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PH hires more women in leadership roles in APAC — report

According to the latest Global Gender Gap Report of the World Economic Forum (WEF), the Philippines sees the largest increase in hiring women in leadership roles among countries in the Asia Pacific (APAC) region since 2015. The country also ranks fourth worldwide in women’s representation in leadership positions.

According to the report, “The share of women hired into leadership roles has seen a steady increase, from 33.3% in 2016 to 36.9% in 2022,” globally.

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The WEF worked in collaboration with LinkedIn, Coursera, WTW, and Hologic in obtaining unique data and new measures to track gender gaps. The share of women in leadership represents the total number of women holding Director, VP, C-suite, or Partner positions divided by the total number of men and women holding these positions. 

Women leaders

Compared to 2015 when there were only about 1 in 3 (34%) hires into leadership positions in the Philippines, 2022 figures saw it increased to 43%. Australia and New Zealand posted the second largest increase in the region from 34% in 2015 to 40% in 2022.

While there has been a rise in leadership position hiring, there are still more men holding higher leadership positions across industries than women. In the Philippines, men are 26% more likely to be promoted into leadership positions than women. 

The proportion decreases as women rise through the career ranks. “On a global average, there are only 27% of women at the Vice President (VP) level, and 25% at the C-Suite (CXO) level – two of the highest seniority levels in the workforce. In the Philippines, there are 40% at the VP level, and 32% at the CXO level, higher than the global average,” the report said.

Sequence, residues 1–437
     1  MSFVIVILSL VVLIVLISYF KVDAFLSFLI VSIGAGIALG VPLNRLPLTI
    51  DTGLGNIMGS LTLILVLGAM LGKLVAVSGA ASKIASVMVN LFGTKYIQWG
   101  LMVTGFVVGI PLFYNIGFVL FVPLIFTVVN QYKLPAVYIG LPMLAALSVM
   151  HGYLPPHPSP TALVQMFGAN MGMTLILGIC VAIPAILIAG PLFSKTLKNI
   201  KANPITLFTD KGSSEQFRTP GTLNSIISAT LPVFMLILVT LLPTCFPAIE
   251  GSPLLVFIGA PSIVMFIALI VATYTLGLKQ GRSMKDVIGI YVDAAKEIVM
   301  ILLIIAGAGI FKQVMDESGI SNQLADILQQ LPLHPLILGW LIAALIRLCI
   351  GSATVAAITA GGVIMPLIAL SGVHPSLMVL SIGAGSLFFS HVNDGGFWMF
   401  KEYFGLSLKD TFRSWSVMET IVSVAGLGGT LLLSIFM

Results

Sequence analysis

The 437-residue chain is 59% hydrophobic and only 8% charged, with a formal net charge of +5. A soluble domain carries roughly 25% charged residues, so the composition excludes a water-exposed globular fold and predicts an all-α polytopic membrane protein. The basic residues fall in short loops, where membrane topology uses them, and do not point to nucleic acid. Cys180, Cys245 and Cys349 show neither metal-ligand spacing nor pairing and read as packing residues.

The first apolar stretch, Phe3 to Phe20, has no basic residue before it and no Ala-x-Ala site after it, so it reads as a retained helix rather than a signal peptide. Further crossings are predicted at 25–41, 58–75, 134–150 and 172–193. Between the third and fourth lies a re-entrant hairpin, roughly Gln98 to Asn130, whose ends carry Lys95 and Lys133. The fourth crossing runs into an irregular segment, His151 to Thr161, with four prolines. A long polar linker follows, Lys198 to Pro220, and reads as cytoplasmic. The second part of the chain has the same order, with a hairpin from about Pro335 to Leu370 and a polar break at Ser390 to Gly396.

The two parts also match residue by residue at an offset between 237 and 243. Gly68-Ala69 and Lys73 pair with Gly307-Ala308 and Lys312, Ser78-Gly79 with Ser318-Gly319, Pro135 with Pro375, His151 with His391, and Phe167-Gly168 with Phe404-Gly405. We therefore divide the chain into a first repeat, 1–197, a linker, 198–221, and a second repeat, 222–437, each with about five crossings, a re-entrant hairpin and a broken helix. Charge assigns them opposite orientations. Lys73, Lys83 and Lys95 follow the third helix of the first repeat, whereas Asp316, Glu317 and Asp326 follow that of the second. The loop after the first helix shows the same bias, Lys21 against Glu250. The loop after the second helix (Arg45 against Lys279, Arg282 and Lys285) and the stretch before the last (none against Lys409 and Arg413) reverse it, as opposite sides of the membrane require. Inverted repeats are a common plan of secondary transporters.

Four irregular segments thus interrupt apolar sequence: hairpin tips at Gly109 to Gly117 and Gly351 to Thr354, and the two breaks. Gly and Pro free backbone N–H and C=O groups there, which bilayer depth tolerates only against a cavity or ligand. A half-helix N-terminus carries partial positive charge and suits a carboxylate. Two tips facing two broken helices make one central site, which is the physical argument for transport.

Workplace barriers

“Women face more barriers in the workplace when compared to their male counterparts — they are currently underrepresented in leadership and are not being promoted into leadership roles at the same rate as men,” Feon Ang, Managing Director, APAC, LinkedIn, said in a media release. 

While there are more female leaders in industries where women are better represented in the workforce, their representation in leadership roles within these industries is not always necessarily higher than men. For example, in the Philippines, there are more women working in Education (62%) and only slightly more female leaders than male leaders (52%). In the Healthcare sector, there are more women (60%), but only 45% of women are in leadership roles.

“We need to do more to ensure that women in the workforce have equal access to opportunities,” said Ang. “Organizations and business leaders should look at solutions like internal mobility, and fair hiring practices with a focus on skills and flexibility. This will ensure that women are equal contributors at all levels in an organization.”